I Republicans fear US policy deadlock
Russia controversy strains ties between the administration and senior party leaders
Republicans fear that their policies will be derailed as the Russia turmoil engulfing Donald Trump forces them to adjust to a president with diminishing political capital.—
Republicans are deeply worried their policy agenda will be derailed as the Russia turmoil engulfing Donald Trump forces them to adjust to a president with diminishing political capital.
A senior figure close to the administration described parallel universes yesterday, with Mr Trump complaining he was the victim of a “witch hunt” in one universe, while Republicans were seeking to advance tax reform, Nafta renegotiation and a presidential trip to Saudi Arabia in another.
Despite lawmaker and administration efforts to create an impression of business as usual, concern was growing behind the scenes that rolling presidential crises were jeopardising the chances of substantive policy victories.
The controversy is straining ties between the administration and Republican leaders. Officials on Capitol Hill warn of two dangers: either a president who is too distracted to broker compromises, or one who has become so toxic lawmakers will not follow his wishes.
Republican staffers pointed to Senate majority leader Mitch McConnell’s remarks as the best encapsulation of sentiment in their party. “I think we could do with a little less drama from the White House on a lot of things,” he said this week. “I think it would be helpful if the president spent more time on things we’re trying to accomplish and less time on other things.”
Lee Hamilton, a former Democratic lawmaker who witnessed the presidential scandals of the Nixon and Clinton years from Congress, said: “These events seem to kind of overwhelm everybody, everything in Washington, and stop the progress. The frustration level is rising, as the comments of [Republican] leaders suggest.” He added. “These things also produce conflicts within. In other words, the White House tends to blame Congress for problems and vice versa. And those things get in the way of policy getting enacted.”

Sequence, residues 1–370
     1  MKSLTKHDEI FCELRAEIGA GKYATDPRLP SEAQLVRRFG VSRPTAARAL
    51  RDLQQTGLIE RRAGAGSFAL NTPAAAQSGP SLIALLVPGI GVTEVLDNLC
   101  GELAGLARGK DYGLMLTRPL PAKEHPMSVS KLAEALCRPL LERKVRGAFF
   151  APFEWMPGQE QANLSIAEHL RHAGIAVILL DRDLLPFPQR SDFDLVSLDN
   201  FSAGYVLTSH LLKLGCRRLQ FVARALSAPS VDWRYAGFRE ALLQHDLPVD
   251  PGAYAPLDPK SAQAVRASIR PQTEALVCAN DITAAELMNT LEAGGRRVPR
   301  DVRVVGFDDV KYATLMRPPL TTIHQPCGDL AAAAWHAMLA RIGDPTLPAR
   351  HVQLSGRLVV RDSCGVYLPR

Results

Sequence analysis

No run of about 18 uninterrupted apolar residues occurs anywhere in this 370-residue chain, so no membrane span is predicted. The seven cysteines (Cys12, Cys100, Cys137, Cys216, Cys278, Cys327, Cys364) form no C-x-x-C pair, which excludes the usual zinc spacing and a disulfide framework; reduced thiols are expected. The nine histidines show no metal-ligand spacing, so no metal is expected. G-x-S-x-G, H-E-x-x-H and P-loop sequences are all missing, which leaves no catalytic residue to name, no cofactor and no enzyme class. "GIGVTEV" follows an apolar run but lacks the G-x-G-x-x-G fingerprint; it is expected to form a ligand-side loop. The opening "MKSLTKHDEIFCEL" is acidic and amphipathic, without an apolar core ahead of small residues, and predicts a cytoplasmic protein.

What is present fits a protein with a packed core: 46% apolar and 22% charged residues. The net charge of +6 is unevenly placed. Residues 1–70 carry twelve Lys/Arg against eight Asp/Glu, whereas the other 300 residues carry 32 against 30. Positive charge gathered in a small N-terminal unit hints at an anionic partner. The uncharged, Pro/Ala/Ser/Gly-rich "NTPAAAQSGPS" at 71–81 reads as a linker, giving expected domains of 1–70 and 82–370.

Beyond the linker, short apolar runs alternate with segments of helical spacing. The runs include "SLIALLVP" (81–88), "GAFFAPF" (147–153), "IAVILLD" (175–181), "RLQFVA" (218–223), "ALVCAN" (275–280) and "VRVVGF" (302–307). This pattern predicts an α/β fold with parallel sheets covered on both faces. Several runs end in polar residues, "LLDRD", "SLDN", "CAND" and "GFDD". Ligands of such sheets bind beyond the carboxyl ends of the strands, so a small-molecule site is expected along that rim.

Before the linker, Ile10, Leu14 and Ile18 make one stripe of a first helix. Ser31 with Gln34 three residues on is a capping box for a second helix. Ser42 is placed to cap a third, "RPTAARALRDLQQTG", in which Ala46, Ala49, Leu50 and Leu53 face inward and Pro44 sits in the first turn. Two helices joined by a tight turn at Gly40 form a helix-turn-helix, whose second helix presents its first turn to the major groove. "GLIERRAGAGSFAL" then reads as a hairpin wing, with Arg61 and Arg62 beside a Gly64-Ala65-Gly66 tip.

One Republican staffer said “working with the administration is not going to look good to a lot of folks”, a serious problem given the need for co-operation between the White House and Con- gress to pass ambitious legislation. That meant full-blown tax reform was now even less likely to happen before the 2018 midterm elections, the staffer said, a realisation that contributed to sharp midweek drops in US share prices, which were not reversed yesterday.
A long-time Republican operative said: “I’m not sure how much deference [Mr Trump’s] ‘leadership’ is going to get on anything that is radically different from what GOPers are inclined to sup- port on their own. Not many members are ready to follow him into battle given their growing conviction that his judgment is horrific.”
But Paul Ryan, House Speaker, told reporters: “People in the country need to know that we’re busy at work trying to solve their problems . . . It’s very important that people know we can walk and chew gum at the same time.”
The ways and means committee yesterday held a hearing to re-energise its efforts to write a tax bill. Kevin Brady, chairman, said the previous evening: “There will be a time when the president himself, and the vice-president, will have to be deeply engaged in all of this.”
The Trump administration sent notification to Congress it would begin renegotiating the North American Free Trade Agreement. Steven Mnuchin, Treasury secretary, told lawmakers his department was pressing on with tax and regulatory reform, and preparations were accelerating for Mr Trump’s first foreign trip, including a stop with US company leaders in Riyadh.
Stephen Myrow, a former George W Bush administration official now at Beacon Policy Advisors, said the White House turmoil in some ways “makes their lives easier” on Capitol Hill.
“Congress has been more serious in thinking through healthcare and tax reform than the White House and it gets the White House out of their hair.”
But a Republican staffer cautioned that the need for the Senate to confirm a new director of the Federal Bureau of Investigation exacerbated another problem: the absence of Senate-confirmed appointees in crucial departments, including the Treasury.
As difficult policy decisions loom, Mr Hamilton said the dilemma for lawmakers was how close they could afford to get to Mr Trump. “They need the White House. He’s got to sign the bill. They can’t do it without him,” he said. “At the same time his poll figures are plummeting. And believe you me that’s what the politician looks at, so his clout within the Republican party is declining. Does he become so toxic that they simply can’t be associated with him?” Additional reporting by Shawn Donnan
‘[Trump’s] party clout is declining. Does he become so toxic they simply can’t be associated with him?’